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Starbucks response to misleading claims about cup recyclability

The following letter was sent to Todd Paglia, Executive Director of Stand.earth on Nov. 28, 2017.


Dear Mr. Paglia,

We are proud of our many partnerships with environmental organizations who have helped us achieve industry leading sustainable practices. Our previous engagements with you were a sincere attempt to achieve common goals related to recycling. However, your recent claim that our paper cup is not recyclable as stated in your Facebook post of Nov. 1 is false, disingenuous, misleading and intentionally ignores the realities and complexity of recycling in our country.

First, as you know from previous conversations, our current cup is recyclable. We were the first to include post-consumer fiber (recycled content) along with a polypropylene lid which is readily recyclable. You are also aware that in order for a cup to be “fully recyclable” there must be a supporting municipal recycling infrastructure such as those which currently exist in Seattle, New York, San Francisco and Washington, D.C. (as demonstrated in an excerpt of Seattle’s recycling flyer below).

From Seattle Public Utilities recycling flyer showing the Starbucks cup accepted in the recycling stream.

Municipal links to cup recycling:

Seattle

New York City

San Francisco

Washington, D.C.

In cities with no paper cup recycling, no coffee cup can be recycled. In contrast to your accusations, here are statements from two experts in the field who understand the true challenge of recycling:

"Starbucks is a leader in the ongoing work to make a 'recyclable' paper cup a reality. However, this takes a great deal of time and effort, and certainly not something that can be done alone or by simply choosing a 'better cup.' The truth is no cup is recyclable until it is widely accepted by communities, recycling facilities and paper mills. Starbucks should be applauded, not chided, for its role in the progress being made towards a recyclable cup." Lynn M. Dyer, President, Foodservice Packaging Institute 

“Starbucks has worked extensively with Fox River Fiber to achieve and produce a 'recyclable cup.' Today, efforts by both companies to recycle a cup, and turn it into new recycled paper products including new paper cups inclusive of recycled material, is a reality. To make cups more 'recyclable,'' extensive efforts need to be focused on increasing national paper recycling rates above 60 percent, infrastructure spending on recycling facilities, and education on paper recycling's importance to our environment. Fox River looks forward to the continued opportunity to work with Starbucks and all stakeholders in making the availability of cups to recycle a continued and increasing reality.” Mark Bond, Specialty Fibers & Sustainability, Fox River Fiber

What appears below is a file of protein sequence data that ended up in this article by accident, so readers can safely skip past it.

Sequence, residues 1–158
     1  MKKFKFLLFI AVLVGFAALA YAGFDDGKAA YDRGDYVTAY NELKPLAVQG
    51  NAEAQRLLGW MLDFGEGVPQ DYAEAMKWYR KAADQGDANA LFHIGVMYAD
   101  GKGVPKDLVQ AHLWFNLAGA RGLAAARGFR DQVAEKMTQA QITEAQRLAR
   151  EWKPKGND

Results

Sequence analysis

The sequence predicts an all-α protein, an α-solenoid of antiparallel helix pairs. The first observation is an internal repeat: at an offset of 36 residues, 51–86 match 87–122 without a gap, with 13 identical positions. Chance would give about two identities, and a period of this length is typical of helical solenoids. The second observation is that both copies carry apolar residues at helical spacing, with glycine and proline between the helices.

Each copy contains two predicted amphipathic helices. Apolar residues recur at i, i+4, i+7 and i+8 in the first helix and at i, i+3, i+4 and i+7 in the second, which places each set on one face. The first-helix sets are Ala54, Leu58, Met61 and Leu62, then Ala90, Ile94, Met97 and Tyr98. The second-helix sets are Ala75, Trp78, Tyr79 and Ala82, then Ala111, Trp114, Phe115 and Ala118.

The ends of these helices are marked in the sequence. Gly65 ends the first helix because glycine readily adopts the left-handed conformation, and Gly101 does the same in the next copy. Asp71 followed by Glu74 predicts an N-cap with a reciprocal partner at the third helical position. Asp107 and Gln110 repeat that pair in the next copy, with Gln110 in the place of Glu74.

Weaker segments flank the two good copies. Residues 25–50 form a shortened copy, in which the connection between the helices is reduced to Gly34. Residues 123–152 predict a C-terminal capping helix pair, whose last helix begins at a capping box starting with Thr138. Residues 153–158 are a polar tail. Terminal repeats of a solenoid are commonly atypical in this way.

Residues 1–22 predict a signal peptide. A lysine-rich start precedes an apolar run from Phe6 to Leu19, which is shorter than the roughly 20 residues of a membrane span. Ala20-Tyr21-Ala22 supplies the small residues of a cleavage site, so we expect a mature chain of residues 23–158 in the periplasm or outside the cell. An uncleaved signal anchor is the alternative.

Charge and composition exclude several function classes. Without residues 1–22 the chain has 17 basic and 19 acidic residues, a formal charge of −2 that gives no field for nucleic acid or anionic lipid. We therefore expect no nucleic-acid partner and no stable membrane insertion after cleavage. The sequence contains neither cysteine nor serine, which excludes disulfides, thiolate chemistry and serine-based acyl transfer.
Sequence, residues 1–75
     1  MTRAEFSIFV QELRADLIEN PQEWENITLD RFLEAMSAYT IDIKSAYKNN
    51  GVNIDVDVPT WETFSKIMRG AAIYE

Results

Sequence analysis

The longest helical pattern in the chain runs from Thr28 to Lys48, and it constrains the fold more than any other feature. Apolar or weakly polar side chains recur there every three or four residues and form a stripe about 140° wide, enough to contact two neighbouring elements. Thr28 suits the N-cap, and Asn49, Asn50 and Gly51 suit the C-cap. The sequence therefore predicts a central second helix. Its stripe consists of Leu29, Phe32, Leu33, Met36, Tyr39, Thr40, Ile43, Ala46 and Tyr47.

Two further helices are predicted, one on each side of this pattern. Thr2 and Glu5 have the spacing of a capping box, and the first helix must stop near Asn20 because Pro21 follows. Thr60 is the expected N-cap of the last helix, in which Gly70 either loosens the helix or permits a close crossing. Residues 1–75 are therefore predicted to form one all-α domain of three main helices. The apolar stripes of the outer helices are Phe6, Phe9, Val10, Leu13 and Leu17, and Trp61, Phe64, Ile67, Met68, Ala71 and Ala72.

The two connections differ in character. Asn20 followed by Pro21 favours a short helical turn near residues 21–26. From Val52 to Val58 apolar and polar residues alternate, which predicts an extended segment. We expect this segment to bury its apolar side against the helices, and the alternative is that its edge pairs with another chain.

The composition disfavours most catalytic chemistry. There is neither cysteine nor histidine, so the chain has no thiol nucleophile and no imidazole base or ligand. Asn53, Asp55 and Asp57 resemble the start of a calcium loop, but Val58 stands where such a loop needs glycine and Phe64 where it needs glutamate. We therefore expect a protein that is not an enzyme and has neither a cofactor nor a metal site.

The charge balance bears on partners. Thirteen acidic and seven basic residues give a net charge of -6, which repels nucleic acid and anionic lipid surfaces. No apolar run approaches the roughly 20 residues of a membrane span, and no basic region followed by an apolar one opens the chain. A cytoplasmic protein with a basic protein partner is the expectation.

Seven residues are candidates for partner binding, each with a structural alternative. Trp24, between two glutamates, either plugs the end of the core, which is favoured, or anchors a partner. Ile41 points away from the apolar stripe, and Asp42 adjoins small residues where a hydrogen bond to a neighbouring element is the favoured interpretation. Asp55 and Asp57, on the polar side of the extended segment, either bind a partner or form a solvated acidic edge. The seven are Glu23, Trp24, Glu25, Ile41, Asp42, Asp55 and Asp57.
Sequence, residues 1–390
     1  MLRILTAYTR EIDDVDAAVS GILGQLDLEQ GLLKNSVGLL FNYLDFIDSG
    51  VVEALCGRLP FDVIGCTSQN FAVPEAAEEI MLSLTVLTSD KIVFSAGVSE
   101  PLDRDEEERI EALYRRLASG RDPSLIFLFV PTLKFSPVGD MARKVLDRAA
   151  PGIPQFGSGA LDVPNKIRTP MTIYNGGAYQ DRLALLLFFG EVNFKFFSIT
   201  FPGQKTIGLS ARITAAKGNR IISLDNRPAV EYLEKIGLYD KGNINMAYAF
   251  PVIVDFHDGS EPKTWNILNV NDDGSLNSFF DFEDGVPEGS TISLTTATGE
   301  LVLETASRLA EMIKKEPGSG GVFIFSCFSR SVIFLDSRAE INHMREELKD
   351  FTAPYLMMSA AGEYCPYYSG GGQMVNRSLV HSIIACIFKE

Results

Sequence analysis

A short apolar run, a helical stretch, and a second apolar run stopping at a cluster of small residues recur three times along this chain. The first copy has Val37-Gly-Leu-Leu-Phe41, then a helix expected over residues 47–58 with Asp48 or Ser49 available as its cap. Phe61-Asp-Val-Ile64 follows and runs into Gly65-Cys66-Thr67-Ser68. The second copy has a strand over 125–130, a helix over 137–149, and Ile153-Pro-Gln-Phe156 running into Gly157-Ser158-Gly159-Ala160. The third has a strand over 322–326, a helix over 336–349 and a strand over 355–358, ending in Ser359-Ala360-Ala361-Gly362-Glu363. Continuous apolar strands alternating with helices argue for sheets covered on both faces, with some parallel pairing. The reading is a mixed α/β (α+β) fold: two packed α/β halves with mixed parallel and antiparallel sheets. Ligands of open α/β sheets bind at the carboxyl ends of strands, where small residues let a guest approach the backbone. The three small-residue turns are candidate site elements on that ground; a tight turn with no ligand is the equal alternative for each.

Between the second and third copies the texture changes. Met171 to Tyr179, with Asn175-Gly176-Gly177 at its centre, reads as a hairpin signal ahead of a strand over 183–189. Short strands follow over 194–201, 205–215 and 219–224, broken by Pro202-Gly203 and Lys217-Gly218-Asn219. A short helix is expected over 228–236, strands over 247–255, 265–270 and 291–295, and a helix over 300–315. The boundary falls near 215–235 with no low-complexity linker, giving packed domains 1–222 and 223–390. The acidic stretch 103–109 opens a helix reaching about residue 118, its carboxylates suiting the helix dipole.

Second, last year you challenged us to consider another cup lining material from a third party that you claimed was more recyclable than ours. We had already reviewed the possibility of using that material and, as we explained to you, the results of the test showed that it failed our safety and quality requirements. We have previously communicated this to you, but you seem to not appreciate that our cups must meet a safety standard that cannot be sacrificed in favor of recyclability. As is our practice, we will continue to evaluate commercially viable cup lining solutions and partner with manufacturers and suppliers to innovate, while maintaining our commitment to a cup of the highest quality and safety.

Finally, we have a challenge for you – if you are sincere about your desire to achieve a more recyclable cup, join us and others in seeking a national policy necessary to make recycling a reality in cities, states and counties. Together, we can use our voices for constructive, genuine progress rather than a divisive, counterproductive campaign. As the world’s largest builder of LEED stores, the champion of 100 percent sustainable coffee, and a leader in advocacy for greater paper coffee cup recyclability, we know we cannot achieve the positive change we seek alone. It takes responsible partnerships, collective action, and local support. If you are genuinely interested in making recycling a reality, we encourage you to engage with leading organizations such as The Recycling Partnership, Keep America Beautiful and our own Starbucks Partners for Sustainability

Respectfully,

 

Colleen Chapman

Starbucks Coffee Company

vice president, Global Social Impact


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